Supply of secondary teachers in STEM-related disciplines

Overview

The NSW Department of Education’s plans and strategies to respond to the demand for secondary teachers in STEM-related disciplines are limited by incomplete data and underperforming scholarship and sponsorship program. The Department does not collect sufficient information to monitor what disciplines teachers actually teach nor does it predict supply and demand for teachers by discipline and location. This restricts the Department’s ability to track and forecast the supply and demand for secondary teachers in STEM-related disciplines.

Executive Summary

In recent years, Australian and international education policy has focused on improving outcomes in Science, Technology, Engineering and Mathematics (STEM) subjects. However, research has identified a shortage of qualified secondary teachers in STEM-related disciplines 1. This is projected to worsen due to a combination of student population increases, an ageing workforce, and fewer people going into teaching. Shortfalls are likely to be more acute in rural and remote areas, and areas of low socio-economic status.

The Department of Education (the Department) has a variety of strategies to encourage teachers to practise in locations or disciplines of need. These include scholarships for tertiary students going into teaching, sponsorships for teachers seeking approval to teach additional disciplines, and incentives to attract teachers to rural and remote locations. 

This audit assessed the effectiveness of the Department's workforce plans and strategies in responding to the demand for secondary teachers in STEM-related disciplines. We assessed:

  • how well the Department tracks the supply and demand for secondary teachers in STEM-related disciplines across NSW
  • whether the Department has effective strategies to attract and retain secondary teachers in STEM-related disciplines.
Conclusion
There are two key shortcomings that fundamentally limit the effectiveness of the Department's plans and strategies to respond to the demand for secondary teachers in STEM-related disciplines. First, the Department is not accurately tracking the supply and demand for secondary teachers by discipline due to incomplete data. Second, not all scholarship and sponsorship places are allocated and many scholars withdraw from the programs before completion. The Department has recognised and started to address these problems with a new workforce model, revised incentives and scholarship programs. 

The Department’s current workforce planning model does not provide the information needed to target workforce plans and strategies to areas of need. This is because it does not predict supply and demand for teachers by discipline and location. An internal review in 2017 acknowledged the limitations of this model. In response the Department developed a new model, which it is currently enhancing, to predict supply and demand for teachers by discipline and location. For this to be successful, the Department needs to monitor the level of out-of-field teaching and improve data on the willingness of teachers to work in particular locations.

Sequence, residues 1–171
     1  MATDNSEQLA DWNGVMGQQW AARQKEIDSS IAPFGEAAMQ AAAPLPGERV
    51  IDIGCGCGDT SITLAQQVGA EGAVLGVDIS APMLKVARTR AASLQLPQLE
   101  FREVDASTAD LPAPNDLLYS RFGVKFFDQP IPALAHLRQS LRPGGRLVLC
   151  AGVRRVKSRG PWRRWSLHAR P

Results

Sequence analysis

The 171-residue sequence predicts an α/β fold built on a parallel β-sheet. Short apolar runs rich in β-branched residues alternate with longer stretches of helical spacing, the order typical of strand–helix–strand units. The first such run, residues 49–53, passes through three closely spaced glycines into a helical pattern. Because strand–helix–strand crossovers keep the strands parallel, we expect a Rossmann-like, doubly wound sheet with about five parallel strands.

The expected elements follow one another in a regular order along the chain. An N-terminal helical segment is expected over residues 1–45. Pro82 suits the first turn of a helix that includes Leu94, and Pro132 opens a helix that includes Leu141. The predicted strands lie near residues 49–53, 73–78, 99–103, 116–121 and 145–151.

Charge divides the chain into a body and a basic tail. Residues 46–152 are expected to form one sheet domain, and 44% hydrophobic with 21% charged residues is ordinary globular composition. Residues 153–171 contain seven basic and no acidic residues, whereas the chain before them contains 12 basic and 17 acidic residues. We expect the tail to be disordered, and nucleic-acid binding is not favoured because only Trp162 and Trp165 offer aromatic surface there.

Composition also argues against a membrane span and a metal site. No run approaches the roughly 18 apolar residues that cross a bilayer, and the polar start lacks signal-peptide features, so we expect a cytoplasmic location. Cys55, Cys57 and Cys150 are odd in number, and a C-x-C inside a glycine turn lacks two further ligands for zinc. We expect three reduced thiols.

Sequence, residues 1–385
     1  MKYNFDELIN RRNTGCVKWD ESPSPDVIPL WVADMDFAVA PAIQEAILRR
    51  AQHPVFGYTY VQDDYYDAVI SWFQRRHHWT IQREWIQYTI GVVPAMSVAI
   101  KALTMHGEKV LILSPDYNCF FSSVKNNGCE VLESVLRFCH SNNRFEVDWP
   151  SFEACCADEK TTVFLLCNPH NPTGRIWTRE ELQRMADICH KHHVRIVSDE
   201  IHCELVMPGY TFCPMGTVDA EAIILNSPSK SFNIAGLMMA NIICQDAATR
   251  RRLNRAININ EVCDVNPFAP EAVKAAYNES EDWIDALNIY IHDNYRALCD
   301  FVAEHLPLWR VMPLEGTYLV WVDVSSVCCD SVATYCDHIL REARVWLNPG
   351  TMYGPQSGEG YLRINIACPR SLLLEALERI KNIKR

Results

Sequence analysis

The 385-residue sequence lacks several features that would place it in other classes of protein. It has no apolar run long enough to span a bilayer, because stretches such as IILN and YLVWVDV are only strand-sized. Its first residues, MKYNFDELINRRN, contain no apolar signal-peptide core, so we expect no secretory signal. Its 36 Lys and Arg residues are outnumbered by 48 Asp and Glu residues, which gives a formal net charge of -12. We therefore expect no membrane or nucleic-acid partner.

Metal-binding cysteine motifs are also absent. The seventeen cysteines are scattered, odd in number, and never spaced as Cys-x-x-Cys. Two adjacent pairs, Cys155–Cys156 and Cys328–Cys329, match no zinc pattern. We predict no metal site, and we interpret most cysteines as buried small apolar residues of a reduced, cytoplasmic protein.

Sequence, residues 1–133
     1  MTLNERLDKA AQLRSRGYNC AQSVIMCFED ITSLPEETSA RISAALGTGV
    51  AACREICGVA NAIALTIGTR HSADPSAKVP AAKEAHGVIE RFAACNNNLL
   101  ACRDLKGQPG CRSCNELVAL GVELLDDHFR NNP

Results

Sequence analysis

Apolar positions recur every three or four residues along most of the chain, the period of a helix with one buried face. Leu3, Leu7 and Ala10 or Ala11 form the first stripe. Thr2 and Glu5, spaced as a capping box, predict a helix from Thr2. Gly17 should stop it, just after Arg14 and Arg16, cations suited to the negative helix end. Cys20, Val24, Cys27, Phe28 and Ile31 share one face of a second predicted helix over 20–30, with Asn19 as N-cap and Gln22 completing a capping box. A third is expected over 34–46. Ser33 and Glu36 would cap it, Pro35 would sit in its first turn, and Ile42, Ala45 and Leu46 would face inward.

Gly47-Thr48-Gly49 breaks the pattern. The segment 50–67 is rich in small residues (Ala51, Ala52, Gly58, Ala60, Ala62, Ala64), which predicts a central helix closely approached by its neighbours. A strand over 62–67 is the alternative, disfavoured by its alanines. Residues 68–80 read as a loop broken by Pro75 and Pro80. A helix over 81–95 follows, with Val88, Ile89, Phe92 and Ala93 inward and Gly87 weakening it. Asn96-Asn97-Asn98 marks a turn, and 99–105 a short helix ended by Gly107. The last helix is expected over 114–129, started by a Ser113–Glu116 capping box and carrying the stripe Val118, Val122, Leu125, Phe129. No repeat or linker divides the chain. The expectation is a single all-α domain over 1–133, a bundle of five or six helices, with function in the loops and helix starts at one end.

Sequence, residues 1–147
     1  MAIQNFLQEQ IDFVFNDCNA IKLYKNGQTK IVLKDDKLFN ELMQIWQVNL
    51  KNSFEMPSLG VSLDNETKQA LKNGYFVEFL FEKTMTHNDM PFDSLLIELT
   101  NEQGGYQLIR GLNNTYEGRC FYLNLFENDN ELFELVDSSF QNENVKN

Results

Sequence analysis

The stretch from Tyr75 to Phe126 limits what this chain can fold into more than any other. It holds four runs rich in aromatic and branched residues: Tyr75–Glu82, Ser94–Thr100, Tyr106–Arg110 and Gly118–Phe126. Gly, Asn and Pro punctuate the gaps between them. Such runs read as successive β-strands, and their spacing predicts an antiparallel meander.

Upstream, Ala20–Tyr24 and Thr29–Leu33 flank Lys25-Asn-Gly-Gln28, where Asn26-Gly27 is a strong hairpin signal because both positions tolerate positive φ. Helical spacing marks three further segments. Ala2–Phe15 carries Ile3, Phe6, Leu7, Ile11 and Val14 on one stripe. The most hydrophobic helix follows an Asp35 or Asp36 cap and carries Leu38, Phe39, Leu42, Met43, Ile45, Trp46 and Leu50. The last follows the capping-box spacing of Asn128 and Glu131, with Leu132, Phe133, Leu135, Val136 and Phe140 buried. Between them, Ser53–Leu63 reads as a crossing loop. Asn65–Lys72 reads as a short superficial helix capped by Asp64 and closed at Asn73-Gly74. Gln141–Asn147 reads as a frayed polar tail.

The Department does not allocate all available scholarship and sponsorship places and around 30 per cent of recipients do not complete the term of their agreement. An internal review in 2017 highlighted that some programs were not targeting workforce need and that there were no key performance indicators to determine the overall effectiveness of these programs. However, scholarship programs and incentives are promoted well through social media and face-to-face events at Universities. Further, the Department has used findings from internal reviews of incentives and scholarships in 2016 and 2017 to inform recent changes to programs. 

The Department has little oversight of access to practicum placements for pre-service teachers in areas of need. Professional experience agreements were established with each University in 2015 to improve the placement process for disciplines of need. Initial teacher education students must complete several ‘practicum placements’ before they can be qualified to teach in a school. Several universities we consulted reported difficulties finding practicum placements for pre-service teachers specialising in STEM-related disciplines. The Department is now revising the agreements to improve the quality of data it collects on the number, location and subject area of practicum placements. 

1 Australian Council for Educational Research 2015, The teacher workforce in Australia - supply, demand and data issues.

1. Recommendations

By December 2019, the Department of Education should:

  1. Improve its workforce planning model to better understand and communicate supply and demand for teachers by: 
    • determining the extent, and analysing the impact, of out-of-field teaching by permanent and temporary teachers in each school
    • sourcing additional data to more accurately reflect teacher location preferences
    • projecting supply and demand by subject-level and geographic area
    • regularly reporting on the supply and demand for secondary teachers in each discipline to communicate future areas of need to future teacher education students.